It’s a view to a bill: A lawsuit says a Midtown hotel with a James Bond-themed bar owes $40 million.
Cindy Zhang, a non-secret agent for the lender, alleged in a complaint filed Jan. 9 that Abraham Noy, owner of the 297-key Aliz Hotel at 310 West 40th Street in Midtown, defaulted on a loan that came due in November.
Noy developed the hotel in 2014. In 2018 YJR Group inked a lease for the 6,900 square-foot rooftop bar, which underwent a James Bond-themed redesign.
The lawsuit, by NY Manhattan 40th St. Lenders, alleges that in addition to defaulting on the mortgage, Noy failed to bond numerous liens, preventing sale of the property. The liens, from 2015 to 2019, total more than $2 million, according to the state court filing.
The suit also asserts that a 2019 judgment for a $637,000 lien was not paid. It says Noy created a separate entity to operate the hotel without the lender’s consent and hasn’t filed accounting reports to the lender on the hotel’s revenue or occupancy.
Attorneys for the lender declined to comment. The plaintiff’s attorney did not respond to a request for comment.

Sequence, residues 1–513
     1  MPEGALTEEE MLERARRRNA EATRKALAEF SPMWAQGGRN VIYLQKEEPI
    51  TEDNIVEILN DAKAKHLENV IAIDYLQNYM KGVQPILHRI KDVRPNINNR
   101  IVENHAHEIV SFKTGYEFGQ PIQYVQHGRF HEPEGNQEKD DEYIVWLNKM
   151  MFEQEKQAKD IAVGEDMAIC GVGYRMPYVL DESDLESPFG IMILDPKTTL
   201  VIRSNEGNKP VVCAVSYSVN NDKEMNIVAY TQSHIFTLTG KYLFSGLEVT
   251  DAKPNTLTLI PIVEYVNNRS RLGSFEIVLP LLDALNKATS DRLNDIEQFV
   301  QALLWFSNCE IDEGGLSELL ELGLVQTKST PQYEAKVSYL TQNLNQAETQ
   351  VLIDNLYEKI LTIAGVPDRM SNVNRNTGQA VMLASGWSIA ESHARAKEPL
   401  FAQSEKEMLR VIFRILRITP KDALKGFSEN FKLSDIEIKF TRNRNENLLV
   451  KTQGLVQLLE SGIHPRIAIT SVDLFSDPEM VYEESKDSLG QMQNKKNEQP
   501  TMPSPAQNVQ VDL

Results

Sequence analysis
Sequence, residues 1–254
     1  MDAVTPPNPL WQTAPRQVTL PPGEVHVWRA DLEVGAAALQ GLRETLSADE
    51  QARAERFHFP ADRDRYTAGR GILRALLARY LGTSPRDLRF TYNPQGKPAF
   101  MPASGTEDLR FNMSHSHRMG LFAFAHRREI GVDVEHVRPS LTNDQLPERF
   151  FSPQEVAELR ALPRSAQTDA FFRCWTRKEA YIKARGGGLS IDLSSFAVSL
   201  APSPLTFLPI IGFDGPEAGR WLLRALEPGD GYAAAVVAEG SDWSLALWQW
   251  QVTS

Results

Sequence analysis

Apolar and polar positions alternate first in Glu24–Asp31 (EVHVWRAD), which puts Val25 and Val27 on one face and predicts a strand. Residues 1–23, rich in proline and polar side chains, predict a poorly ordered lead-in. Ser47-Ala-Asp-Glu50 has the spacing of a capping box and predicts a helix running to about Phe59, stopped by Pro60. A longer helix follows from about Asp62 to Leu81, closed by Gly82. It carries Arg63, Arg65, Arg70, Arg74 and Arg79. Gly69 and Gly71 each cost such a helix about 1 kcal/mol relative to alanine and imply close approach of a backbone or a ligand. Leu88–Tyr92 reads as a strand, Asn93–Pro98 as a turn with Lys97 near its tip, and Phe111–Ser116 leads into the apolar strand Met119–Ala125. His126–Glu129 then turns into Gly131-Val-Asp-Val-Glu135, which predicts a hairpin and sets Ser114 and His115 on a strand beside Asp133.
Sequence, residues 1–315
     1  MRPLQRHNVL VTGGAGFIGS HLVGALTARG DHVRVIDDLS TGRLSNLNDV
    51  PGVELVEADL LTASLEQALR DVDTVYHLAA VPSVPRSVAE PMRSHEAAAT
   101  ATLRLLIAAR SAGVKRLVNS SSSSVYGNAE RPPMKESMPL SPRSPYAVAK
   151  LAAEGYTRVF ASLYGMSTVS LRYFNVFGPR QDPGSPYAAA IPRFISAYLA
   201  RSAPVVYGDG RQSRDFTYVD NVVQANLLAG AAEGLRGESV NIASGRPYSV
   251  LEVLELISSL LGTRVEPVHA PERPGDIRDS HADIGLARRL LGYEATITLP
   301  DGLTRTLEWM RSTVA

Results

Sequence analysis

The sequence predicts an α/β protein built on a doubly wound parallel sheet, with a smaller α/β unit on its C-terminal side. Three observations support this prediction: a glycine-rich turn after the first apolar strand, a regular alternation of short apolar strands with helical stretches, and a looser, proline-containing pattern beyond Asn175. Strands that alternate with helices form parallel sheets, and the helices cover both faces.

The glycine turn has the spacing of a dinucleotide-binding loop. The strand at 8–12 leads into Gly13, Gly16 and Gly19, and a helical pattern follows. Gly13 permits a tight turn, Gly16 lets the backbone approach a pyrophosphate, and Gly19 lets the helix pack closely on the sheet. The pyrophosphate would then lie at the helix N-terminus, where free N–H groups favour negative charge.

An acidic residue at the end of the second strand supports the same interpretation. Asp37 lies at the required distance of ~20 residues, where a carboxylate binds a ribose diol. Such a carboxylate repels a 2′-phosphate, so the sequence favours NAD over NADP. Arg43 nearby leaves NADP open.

In response to the notice of default, attorneys for the borrower, in a letter filed with the complaint, called the default “improper” because the borrower had exercised a contractual right to extend the terms of the loan.
The letter also said that when the borrower asked what additional documentation was needed to extend the terms of the loan, it was not met with any “coherent response.”
“This predatory conduct in and of itself constitutes a Lender default and Lender’s breach under the loan documents,” the letter read.
Attorneys for Zhang responded the same day, the court papers show, alleging that the borrower had scuttled attempts to discuss a solution and had canceled a planned call.
“The statements made in your letter are simple [sic] not true,” the lender’s attorney wrote. “We would suggest that you read the loan documents.”
The lawsuit seeks $40.6 million plus interest and court expenses, and demands that the asset be placed in receivership.
The hospitality industry has endured widespread distress as a result of the decrease in travel. New York City’s Department of City Planning estimated that between January and September, 135 hotels and 39,244 rooms closed, representing declines of 20 and 31 percent, respectively.